27 August, 2017

Chaya and Cicadas in the Heat

Boy, is it hot!  The local produce suffers in the heat; the heat makes the water spinach and lots of other greens very bitter.  One plant we are turning to more and more is Chaya, also called spinach tree.
We were given a hand full of cuttings several years ago that were the start of this big clump of Chaya.
We put the handful of chaya cuttings that we got from a friend down into a bucket of water for a couple months and basically forgot about them.  When I finally remembered to check on them, they had developed a nice root system, so we  planted them behind our back veranda.  For 2 years now we have been harvesting chaya leaves.  I started routinely harvesting them about once a week several months ago when all the greens we bought at the market were quite bitter from the heat.  All except the chaya, which thrives in the heat and has no bitterness at all.  I'm actually rather puzzled about how to describe the taste of chaya.  It is mild, but has an almost meaty hint to it that spinach and other greens I am familiar with lack.  Maybe this is because it has higher protein content than spinach does.  Anyway, the taste is pleasant and mild, almost bland.
Freshly harvested chaya leaves ready for de-stemming and chopping.
I harvest only the newest, still-glossy leaves since the older leaves can be quite tough - even after boiling for 15 minutes!  Chaya is incredibly nutritious, packing in a lot more nutrients than traditional spinach.  One draw-back is that when raw it contains a cyanide generating compound, which fortunately is destroyed by boiling for 12-15 minutes.
Boiling the chaya.
I usually boil up a couple of cups of chopped leaves, which yields about 3/4cup of cooked chaya.  The leaves are sturdy enough that they stay intact through the boiling.  After boiling, draining, and cooling the chaya, I usually put in a baggie and store it frozen until I am ready to cook with it.  You can use it the same way you would for spinach - in soups, enchiladas, scrambled eggs, spaghetti sauce, or added to casseroles.
Chaya in creamy cheese sauce.
A couple of nights ago, I added chaya to a creamy cheese sauce that I made to put over baked potatoes.  I also put in a couple of red jalapeƱo peppers to give the sauce a little extra kick.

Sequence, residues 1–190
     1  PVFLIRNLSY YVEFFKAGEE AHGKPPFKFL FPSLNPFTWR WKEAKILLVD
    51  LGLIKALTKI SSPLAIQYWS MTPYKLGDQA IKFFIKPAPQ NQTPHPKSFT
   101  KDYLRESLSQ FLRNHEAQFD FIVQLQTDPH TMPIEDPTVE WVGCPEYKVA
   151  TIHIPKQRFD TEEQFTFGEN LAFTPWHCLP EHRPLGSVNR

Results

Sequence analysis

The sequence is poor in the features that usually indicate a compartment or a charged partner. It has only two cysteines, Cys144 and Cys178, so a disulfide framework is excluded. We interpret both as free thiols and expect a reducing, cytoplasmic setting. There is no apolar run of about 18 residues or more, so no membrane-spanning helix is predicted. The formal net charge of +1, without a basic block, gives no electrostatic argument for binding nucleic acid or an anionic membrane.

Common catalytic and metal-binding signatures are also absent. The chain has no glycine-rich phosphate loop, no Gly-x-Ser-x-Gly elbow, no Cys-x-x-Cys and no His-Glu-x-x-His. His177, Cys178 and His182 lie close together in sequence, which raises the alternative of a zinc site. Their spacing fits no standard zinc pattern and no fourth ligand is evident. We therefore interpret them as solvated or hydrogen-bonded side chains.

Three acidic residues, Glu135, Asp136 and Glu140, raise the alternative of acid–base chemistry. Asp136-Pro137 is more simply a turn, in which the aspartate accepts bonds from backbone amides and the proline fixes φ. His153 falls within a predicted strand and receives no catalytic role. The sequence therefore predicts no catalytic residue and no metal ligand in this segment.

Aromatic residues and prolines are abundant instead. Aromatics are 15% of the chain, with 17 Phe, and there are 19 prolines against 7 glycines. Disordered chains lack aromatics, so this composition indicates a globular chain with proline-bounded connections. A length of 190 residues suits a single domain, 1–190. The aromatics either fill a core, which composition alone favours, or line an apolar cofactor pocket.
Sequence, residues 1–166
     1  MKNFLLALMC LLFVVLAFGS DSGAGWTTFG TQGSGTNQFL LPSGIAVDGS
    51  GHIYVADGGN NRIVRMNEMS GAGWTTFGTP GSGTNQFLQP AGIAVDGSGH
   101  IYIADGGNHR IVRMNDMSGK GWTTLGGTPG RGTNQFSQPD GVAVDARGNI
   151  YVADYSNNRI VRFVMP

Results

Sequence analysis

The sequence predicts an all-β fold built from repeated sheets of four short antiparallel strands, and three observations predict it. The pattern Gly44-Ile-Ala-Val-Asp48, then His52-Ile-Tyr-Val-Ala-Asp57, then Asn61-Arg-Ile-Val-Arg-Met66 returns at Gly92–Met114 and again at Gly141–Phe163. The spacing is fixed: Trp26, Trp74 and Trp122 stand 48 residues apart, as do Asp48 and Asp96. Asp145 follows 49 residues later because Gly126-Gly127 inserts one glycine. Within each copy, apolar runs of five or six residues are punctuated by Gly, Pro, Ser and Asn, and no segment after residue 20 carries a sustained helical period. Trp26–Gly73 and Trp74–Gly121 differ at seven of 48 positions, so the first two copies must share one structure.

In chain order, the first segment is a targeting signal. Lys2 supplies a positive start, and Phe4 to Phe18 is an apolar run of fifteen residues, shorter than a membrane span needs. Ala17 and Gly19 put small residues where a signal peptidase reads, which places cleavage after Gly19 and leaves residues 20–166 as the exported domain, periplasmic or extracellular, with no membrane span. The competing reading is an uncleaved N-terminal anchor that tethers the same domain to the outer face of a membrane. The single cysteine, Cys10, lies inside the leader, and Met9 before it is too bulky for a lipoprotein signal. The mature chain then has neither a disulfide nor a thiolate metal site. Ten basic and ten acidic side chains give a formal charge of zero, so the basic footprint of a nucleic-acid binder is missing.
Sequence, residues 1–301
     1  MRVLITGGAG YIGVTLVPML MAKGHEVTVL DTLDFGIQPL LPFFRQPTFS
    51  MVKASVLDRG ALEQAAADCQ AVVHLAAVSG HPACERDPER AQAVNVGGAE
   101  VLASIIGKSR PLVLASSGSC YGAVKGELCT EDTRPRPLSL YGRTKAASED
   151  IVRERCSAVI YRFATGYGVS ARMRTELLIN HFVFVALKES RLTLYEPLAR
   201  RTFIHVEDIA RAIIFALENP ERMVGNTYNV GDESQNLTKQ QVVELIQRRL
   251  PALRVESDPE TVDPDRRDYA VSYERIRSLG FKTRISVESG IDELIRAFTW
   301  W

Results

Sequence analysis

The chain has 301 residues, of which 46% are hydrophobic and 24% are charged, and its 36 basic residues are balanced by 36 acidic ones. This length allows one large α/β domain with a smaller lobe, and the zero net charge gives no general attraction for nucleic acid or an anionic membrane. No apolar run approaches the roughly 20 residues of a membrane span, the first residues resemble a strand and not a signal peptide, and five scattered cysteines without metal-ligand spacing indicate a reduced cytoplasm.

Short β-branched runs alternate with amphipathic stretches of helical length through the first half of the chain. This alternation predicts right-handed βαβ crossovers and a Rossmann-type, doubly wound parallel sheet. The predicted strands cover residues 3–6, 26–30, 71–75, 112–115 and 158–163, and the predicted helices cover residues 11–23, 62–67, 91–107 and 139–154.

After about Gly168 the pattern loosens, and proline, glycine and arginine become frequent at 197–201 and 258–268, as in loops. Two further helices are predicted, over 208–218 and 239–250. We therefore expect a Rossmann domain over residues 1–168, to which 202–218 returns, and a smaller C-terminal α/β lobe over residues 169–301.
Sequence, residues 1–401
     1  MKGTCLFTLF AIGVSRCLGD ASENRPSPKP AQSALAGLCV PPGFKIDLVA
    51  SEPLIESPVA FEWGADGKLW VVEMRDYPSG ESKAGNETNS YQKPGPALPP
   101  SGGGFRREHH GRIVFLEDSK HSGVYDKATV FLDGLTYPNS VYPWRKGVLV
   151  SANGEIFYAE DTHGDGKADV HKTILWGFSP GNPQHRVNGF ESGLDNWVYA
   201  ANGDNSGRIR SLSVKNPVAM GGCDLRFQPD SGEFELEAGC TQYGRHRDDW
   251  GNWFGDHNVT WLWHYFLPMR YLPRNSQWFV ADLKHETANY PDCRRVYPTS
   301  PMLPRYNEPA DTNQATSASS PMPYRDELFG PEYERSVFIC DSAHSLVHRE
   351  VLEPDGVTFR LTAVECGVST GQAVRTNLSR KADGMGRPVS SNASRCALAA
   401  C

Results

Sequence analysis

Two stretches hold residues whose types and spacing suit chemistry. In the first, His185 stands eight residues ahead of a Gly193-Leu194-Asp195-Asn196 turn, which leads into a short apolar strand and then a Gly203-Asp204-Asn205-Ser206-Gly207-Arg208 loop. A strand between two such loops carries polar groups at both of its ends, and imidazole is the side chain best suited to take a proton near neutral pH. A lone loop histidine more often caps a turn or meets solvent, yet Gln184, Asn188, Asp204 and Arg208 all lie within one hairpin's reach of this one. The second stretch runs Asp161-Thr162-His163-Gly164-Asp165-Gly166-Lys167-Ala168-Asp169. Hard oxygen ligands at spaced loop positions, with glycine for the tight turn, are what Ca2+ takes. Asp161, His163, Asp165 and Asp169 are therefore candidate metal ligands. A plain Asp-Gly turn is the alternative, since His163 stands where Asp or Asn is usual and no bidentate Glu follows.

Chaya cheese sauce over pan-seared turkey sausage bits atop baked potatoes - a meal in bowl.
The sauce was very tasty.  In retrospect, I could have added more chaya.  Next time.

Besides bitterness to greens, the hot weather also brings out the cicadas.  I had been noticing empty cicada exuviae still clutching knee-level vegetation when out on my morning runs.  I got a photo of one, only to realize when processing it that the nascent adult had not yet emerged.
Last larval stage of a cicada.  I think the nascent adult is still inside.
The hotter the weather, the louder the adult cicadas sing - at least that is I learned growing up in Georgia.
Adult cicada.
I saw this cicada on the outside of the veranda screen and it stayed still long enough for me to get my camera and immortalize it.  They are sure loud these days.


  1. Those cicadas could drive a person crazy, but your photos are exceptional. I've never heard of chaya. It sounds good... especially the high protein. I developed an allergic reaction to spinach; it depends on how it's cooked (raw is impossible for me to eat) and causes my tongue and the inside of my mouth to get really irritated. Too bad, too, because I really love it.

    1. Too bad about the spinach reaction! I really like chaya, but I like spinach too. Did you get those periodic cicadas in Connecticut? Boy when those have a hatching, summer can be deafening! At least these cicadas aren't quite as numerous as the ones we had in Georgia.

  2. Chaya looks pretty, and I'm impressed by how healthy it is. Yet, cyanide generating's a bit scary. Do keep boiling the heck out of it.

    Have a nice week, Wilma.

    1. I know! Reliable sources say you can eat up to 5 fully-cyanide loaded raw leaves a week (or was it day/) and not worry. But I do worry, so I always cook it. Makes it easier to use anyway.

  3. The goodness in that Chaya sounds terrific but that cyanide start would worry the life out of me. I remember from my holidays in the Caribbean the non-stop noise of the cicadas, it must drive you almost mad on a regular basis, although I guess you'll say that you just get used to it.

    1. We don't hear them too often right where we are, but they are loud back in the jungle. The big broods of periodic cicadas that we would get in Georgia every 13 years were truly deafening in their huge numbers. Don't think one could every get used to that cacophony!

      Lots of food have toxic components unless cooked - kidney beans for example. I just cook the chaya as recommended and don't worry about it.


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